The phrasing ‘diving watches you can actually dive in’ probably sounds with a tautology. Of course you can dive in diving watches. Well, yes and no. It all depends on what you humble by ‘diving’. If it’s splashing around in a snorkel then that’s normally fine. When the tank and wetsuit come out, most nosediving watches need to stay on dry land.
That’s because a lot of what constitutes a professed diving watch is aesthetic. The unidirectional bezel, the case determine, perhaps a rubber strap; all hint at underwater adventures, yet the seniority of men who buy them don’t go deeper than their bath. For those who do, most significant is the ability to plumb the depths without bursting under the twist someones arm.
Watch water resistant ratings are tested in still, freshwater. But add salt and tendency and the pressure increases. Which means your 30m resistant tend isn’t one to strap on to explore shipwrecks.
For proper scuba diving, you lack a watch with a water resistance of at least 200m, or 20 heavens (one atm is the pressure at sea level; the deeper you go, the more pressure the water utilizes, the higher it climbs). If you see the word DIVERS printed on the dial, then it’s been independently check up oned to the promised depth, plus 25 per cent. If not, then you’ve merely got the manufacturer’s word. Which is best taken with a dram of saltwater.
Innumerable diving watches, such as the Oris Carl Brashear Fixed Edition, are only suitable to 100m. For serious divers, that’s an precious way to not know the time underwater. So if you don’t want your watch to repose with the fishes, strap on a timepiece that isn’t so shallow.
Meet To 200m
Citizen Promaster Professional Diver’s Watch
You don’t guess to get change from £200 for a proper diver’s watch. But Japanese brand name Citizen excels at offering lots of punch for very dwarf pound.
The Promaster Professional has a real no-nonsense look give it and is pleasingly chunky on the wrist. Its polyurethane strap and 42mm stainless inure case are functional rather than fashionable, however, affirming this a beach watch rather than one that could transmute to the boardroom.
It also contains Citizen’s acclaimed Eco-Drive technology, which have in minds it’s powered by light. So you’ll never have to worry about game out of battery when you’re 30 fathoms down.
Available at Amazon, guerdoned £149.
Good To 300m
Tag Heuer Aquaracer 300m Calibre 5
If you yen a diver that also doubles as an everyday timepiece, then this Tag Heuer ticks all the confines.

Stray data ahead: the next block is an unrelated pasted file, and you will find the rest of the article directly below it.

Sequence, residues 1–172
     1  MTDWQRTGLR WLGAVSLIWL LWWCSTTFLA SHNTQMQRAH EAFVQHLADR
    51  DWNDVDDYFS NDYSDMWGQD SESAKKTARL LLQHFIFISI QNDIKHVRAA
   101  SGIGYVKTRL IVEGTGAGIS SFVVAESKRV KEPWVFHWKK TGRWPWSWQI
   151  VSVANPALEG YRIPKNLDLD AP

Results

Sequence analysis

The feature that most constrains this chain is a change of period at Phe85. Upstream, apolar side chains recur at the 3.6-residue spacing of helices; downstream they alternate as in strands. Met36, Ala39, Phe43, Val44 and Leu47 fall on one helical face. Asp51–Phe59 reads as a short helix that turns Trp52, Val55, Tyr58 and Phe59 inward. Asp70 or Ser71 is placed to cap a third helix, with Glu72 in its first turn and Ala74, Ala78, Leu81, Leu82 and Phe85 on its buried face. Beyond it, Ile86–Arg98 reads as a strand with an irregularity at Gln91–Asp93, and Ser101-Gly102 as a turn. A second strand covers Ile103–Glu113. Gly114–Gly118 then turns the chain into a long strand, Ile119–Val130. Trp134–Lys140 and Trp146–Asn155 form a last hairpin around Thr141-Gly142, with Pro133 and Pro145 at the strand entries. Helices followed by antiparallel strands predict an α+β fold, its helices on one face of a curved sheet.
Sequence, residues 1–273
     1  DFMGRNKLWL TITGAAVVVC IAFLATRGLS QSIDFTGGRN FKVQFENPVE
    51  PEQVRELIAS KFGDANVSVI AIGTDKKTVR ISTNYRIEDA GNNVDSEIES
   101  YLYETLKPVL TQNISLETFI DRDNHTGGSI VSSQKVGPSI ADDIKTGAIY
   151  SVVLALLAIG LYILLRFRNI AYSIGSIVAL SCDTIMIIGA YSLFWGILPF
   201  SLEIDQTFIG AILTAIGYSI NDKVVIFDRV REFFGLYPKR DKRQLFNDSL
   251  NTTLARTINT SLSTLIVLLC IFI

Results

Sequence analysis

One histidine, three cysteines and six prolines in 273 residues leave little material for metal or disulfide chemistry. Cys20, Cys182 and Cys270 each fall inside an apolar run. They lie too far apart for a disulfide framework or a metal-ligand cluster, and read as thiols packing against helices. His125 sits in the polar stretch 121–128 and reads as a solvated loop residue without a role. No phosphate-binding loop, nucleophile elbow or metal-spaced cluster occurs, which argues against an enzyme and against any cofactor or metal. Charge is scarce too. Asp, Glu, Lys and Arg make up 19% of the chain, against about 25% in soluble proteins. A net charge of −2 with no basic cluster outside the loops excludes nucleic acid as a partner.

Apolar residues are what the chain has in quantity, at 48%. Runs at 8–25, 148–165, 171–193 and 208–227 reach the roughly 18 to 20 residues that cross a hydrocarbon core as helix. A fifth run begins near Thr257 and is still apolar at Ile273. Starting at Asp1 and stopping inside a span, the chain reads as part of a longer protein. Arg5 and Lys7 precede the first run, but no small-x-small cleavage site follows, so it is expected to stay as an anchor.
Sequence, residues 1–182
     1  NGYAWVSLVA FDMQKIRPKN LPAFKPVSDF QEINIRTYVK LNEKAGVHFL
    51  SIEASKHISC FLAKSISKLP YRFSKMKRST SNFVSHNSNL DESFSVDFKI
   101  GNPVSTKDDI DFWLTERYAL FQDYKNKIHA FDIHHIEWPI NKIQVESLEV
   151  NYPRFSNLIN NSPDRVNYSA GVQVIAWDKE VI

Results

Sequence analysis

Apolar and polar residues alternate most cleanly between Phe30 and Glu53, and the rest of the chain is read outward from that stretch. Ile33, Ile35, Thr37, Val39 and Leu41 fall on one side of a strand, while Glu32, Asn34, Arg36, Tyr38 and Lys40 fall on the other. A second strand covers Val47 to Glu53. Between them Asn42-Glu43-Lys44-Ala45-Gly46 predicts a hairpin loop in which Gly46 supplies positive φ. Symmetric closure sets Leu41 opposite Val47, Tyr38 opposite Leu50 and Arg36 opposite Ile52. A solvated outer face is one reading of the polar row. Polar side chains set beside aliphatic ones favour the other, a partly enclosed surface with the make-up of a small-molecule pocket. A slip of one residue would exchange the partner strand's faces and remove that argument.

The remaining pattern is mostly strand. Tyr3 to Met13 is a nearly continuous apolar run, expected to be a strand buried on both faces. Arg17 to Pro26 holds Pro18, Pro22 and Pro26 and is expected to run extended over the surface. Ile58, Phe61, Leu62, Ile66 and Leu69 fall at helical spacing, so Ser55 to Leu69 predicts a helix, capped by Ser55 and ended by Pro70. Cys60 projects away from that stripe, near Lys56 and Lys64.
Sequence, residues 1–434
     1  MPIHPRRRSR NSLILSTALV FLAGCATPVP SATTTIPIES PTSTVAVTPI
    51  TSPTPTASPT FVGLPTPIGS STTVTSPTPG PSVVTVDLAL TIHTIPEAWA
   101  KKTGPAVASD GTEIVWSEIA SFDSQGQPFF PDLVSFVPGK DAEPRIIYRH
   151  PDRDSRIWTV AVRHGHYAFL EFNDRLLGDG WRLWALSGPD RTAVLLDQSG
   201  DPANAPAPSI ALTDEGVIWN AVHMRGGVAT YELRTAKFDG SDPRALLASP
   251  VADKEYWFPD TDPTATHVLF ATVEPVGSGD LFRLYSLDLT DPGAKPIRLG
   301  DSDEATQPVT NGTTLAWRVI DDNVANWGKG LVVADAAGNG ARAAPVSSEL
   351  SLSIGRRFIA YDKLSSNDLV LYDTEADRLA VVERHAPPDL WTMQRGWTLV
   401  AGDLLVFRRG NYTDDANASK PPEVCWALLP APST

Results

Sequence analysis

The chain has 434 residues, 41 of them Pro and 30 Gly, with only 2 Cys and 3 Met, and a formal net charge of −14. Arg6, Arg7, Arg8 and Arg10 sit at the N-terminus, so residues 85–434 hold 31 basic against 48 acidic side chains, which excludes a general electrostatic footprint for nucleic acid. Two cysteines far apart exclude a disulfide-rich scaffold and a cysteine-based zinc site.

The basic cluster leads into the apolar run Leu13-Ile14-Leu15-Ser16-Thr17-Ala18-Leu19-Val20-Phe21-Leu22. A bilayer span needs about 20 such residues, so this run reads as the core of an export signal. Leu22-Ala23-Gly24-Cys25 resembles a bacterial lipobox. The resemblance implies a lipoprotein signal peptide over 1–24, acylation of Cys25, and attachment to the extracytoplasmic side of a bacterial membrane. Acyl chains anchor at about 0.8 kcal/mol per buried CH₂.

The fine-brushed and polished steel strap gives the Aquaracer an dignity not normally associated with watches you can get wet in, while the black dial being plans with both a wet- and three-piece suit.
The automatic wing does up the price, but also earns you extra horological calls. Just in case those tales of the giant squid you saw aren’t unreservedly landing.
Available at TAG Heuer, priced £1,600.
Good To 500m
Squale 1521 Satinato Interdict
Not a brand everyone is familiar with, Squale has diving in its DNA (the christen means ‘shark’ in Italian for starters).
In order to create his array of watches, founder Charles Von Buren attended some of the cosmos’s most challenging dive competitions and met extreme divers such as Jacques Mayol and Jean Tapu to discover out what they needed from a timepiece. The result is strapping, retro and eminently wearable on both land and sea.
Available at Call and Cooper, priced £690.
Good To 600m
Omega Seamaster Planet The briny Deep Black
The ‘Deep Black’ in the name refers to the standard of the ocean at the depths to which this watch can go.
But going intense wasn’t the real challenge for the brand – Omega wanted to conceive a timepiece entirely from ceramic. Mission completed; in a start with for a Planet Ocean, the case of each Deep Black inimitable is monobloc ceramic, which means a 45.5mm watch that seems like a 39mm.
It’s also a GMT and features a unique bezel made from rubber combined with ceramic. Makes the 600m water resistance sound almost an afterthought.
Available soon at Omega, priced approx £8,000.
Beneficent To 2,000m
Bremont Supermarine S2000
For a brand more readily associated with aeronaut’s watches, Bremont’s decision to bring out an underwater timepiece sounded a bit strange. But this Supermarine is a diver’s watch with bells on.
It can first place down happily to 2,000m below sea level, by which signification you’d have been poisoned by the gas in your breathing apparatus and affliction some particularly unpleasant pressure effects. Although at short you’d know what time it was.
Fortunately, it’s styled to look equally evocative out of the bathypelagic layer.
Available at Goldsmiths, priced £3,850.